July 18, 2018 11:20
Assistant Editor / Editor (Biteback Publishing)
Biteback Publishing have an excellent opportunity for an organised, efficient assistant editor or editor to join a small, busy team publishing politics, current affairs, autobiography and memoir, history, espionage, sport and humour.
Reporting to the Managing Editor, the successful candidate will be responsible for taking books through all stages of the book production process, from contract signature to delivery of print-ready files, and for ensuring all titles meet quality standards.
- Solid experience of copy-editing within a non-fiction publisher
- Knowledge of the book production process
- Excellent proofreading and attention to detail
- Strong project management skills, with the ability to prioritise multiple projects
- The ability to work under pressure and to deadlines
- Good communication skills, with experience of liaising with authors and other departments to ensure titles remain on schedule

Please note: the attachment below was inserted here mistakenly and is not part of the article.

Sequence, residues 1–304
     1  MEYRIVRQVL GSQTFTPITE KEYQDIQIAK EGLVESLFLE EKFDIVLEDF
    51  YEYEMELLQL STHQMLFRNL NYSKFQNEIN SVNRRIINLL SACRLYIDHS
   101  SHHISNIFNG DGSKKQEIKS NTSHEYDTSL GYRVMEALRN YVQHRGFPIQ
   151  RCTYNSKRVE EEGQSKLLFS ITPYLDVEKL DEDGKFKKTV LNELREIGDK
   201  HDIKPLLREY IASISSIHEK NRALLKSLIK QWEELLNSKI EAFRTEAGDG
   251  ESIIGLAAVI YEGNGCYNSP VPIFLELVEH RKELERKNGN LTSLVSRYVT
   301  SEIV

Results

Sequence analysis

- An interest in politics and current affairs
Familiarity with Adobe InDesign software will be an advantage.
This would be an ideal second or third job for an experienced assistant editor looking to take the next step up.
How to apply: Send a CV and covering letter, including details of current salary and notice period, to Olivia Beattie at firstname.lastname@example.org
Closing date: 27 July 2018
July 17, 2018 16:56
Respect for Gareth Southgate, some sympathy for Harry Kane – but considerable disappointment with England’s overall performance, particularly the lack of creativity.
As you’d expect them to, the men who filled English football stadiums in the 1950s and ’60s – and are the stars of When Footballers Were Skint – watched the World Cup with a critical (and knowing) eye.
Peter McParland, the Aston Villa forward who scored five goals for Northern Ireland at the 1958 World Cup, commended Southgate for his effort and for uniting the team with his ‘Go with me’ rallying cry.
Otherwise, though, he thought England were a moderate side, below standard even, and with little creative flair. Had they been placed in another group they might not have qualified for the knockout rounds.